# 04/02/2008 @17:57:55 ^18:44:44

Because of Nethack I've found myself often wondering "how many times do I have to do this before there's a good chance of it working?" Then when I've bothered to sit down and work it out properly I've found that there's a kind of a pattern. Namely that if you have a chance of 1 in some large number, you expect to have to make about two thirds of that large number of attempts.

Earlier today I got annoyed enough to try to prove it. Suppose you have some event that has a probability of p. Now the event happening at least once after n attempts is equivalent to it *not being the case* that the event *failed* to happen n times in a row. Now the probability the event *failed* to happen n times in a row is (1-p)^n. Thus the probability that this is not the case is 1-(1-p)^n.

You would expect the event to have happened once this probability exceeds 50%. So we have 1-(1-p)^n > 0.5, that is (1-p)^n < 0.5, but for simplicity let's forget the inequality.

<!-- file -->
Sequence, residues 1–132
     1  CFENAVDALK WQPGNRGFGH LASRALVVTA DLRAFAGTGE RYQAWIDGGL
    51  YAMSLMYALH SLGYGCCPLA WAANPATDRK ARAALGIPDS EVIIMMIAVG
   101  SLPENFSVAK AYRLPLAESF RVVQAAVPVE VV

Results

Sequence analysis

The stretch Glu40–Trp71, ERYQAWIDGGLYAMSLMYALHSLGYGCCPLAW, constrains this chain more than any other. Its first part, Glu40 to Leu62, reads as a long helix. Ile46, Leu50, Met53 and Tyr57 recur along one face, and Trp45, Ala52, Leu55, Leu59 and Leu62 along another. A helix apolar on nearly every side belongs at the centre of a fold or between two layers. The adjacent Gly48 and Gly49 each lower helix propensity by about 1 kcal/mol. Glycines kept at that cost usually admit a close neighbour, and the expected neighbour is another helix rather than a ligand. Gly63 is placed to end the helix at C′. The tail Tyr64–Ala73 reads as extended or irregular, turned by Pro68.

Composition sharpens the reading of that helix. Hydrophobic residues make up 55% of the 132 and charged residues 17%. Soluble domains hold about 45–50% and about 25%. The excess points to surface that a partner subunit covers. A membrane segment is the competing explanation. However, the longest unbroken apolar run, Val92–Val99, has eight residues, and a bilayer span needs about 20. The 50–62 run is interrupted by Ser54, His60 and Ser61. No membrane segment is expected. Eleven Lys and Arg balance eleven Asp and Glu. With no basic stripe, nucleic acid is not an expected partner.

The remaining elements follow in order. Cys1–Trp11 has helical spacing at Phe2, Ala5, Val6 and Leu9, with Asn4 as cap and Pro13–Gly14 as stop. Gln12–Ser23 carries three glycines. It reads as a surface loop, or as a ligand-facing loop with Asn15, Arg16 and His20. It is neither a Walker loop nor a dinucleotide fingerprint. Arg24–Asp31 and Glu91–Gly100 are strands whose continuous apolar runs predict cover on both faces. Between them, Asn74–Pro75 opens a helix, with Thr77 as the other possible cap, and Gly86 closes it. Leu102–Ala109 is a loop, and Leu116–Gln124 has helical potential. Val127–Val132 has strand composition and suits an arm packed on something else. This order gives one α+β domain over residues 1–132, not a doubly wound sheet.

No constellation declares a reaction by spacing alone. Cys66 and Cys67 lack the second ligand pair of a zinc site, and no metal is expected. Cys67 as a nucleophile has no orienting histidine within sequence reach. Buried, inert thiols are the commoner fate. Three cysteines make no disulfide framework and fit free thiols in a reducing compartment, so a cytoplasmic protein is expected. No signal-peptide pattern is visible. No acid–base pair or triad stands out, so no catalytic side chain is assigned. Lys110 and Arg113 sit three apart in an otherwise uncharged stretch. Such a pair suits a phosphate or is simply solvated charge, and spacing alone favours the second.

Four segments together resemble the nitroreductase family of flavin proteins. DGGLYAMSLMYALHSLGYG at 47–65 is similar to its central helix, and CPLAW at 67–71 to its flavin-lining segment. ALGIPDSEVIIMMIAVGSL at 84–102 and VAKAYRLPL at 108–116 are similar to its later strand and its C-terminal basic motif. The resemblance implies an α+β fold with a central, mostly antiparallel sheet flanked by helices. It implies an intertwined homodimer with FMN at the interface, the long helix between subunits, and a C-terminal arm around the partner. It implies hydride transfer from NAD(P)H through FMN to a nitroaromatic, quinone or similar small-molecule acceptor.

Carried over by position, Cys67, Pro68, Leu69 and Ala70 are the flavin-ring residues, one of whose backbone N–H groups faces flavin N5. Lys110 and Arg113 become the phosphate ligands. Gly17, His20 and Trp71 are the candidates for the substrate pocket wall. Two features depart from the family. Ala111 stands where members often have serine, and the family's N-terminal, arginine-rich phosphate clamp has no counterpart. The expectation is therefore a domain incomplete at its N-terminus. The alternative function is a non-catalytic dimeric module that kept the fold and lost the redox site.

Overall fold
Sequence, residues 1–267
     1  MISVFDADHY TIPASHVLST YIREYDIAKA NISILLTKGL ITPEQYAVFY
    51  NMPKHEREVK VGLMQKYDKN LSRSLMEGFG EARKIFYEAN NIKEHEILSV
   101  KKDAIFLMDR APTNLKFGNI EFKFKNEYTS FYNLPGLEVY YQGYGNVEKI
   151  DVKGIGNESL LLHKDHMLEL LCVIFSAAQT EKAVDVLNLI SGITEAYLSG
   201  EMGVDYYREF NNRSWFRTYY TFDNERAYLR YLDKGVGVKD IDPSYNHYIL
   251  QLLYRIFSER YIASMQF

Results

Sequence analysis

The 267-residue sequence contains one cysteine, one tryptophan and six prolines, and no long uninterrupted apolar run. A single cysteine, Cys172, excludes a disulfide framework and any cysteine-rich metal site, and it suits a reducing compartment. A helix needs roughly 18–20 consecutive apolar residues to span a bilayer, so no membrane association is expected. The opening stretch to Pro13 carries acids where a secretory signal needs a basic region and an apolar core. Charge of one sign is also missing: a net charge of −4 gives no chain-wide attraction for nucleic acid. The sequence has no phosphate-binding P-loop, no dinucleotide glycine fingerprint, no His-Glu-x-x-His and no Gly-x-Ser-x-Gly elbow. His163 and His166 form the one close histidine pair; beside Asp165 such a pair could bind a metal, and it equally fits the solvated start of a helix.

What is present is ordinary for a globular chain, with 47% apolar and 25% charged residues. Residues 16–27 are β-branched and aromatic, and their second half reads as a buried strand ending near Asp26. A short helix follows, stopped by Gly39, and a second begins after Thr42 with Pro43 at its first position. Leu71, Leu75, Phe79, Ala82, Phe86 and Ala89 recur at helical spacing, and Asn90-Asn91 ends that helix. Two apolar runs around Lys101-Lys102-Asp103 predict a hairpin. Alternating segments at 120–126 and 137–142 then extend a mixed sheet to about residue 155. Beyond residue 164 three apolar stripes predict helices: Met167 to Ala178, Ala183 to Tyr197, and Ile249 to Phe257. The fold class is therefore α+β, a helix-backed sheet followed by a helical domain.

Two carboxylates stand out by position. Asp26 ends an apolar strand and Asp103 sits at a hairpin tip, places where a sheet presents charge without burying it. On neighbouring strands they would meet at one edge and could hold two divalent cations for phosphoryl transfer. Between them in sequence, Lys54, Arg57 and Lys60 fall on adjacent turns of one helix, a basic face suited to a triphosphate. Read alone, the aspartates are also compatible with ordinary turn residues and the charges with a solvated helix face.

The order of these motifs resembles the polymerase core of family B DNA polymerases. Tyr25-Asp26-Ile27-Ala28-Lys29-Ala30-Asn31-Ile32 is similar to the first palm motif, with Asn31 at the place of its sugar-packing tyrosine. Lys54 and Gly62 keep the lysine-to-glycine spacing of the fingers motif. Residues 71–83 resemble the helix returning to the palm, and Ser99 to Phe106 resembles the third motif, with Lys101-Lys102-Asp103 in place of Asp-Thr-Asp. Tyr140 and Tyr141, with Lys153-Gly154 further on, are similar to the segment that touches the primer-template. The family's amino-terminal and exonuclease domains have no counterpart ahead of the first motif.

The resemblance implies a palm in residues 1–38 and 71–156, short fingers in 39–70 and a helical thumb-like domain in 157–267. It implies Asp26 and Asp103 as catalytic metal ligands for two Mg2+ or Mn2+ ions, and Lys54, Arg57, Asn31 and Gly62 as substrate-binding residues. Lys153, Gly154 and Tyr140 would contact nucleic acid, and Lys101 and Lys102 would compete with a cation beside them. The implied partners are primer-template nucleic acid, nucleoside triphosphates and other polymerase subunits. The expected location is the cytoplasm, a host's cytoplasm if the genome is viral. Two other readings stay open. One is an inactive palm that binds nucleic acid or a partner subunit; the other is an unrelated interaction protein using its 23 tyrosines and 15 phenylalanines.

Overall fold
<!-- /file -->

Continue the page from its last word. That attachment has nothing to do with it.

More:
Take logs so that you have n.ln(1-p)=ln(0.5). Rearranging that we have the exact answer, which is that you need to make ln(0.5)/ln(1-p) attempts to expect the event to happen. This is obviously too awkward to do in your head.

However you can approximate it if p is small; you can just look up the Taylor series expansion for ln(1+x), the first term of which is simply x. Therefore we have that for small p, ln(1-p) ~= -p.

So we have -ln(0.5)/p as an approximation. As ln(0.5) = -ln(2) it can be written ln(2)/p.

And that's it! ln(2) is very roughly two thirds (more like 0.7 but okay) So if we write p=1/L for some large L, we have the expected number of attempts being very approximately two thirds L.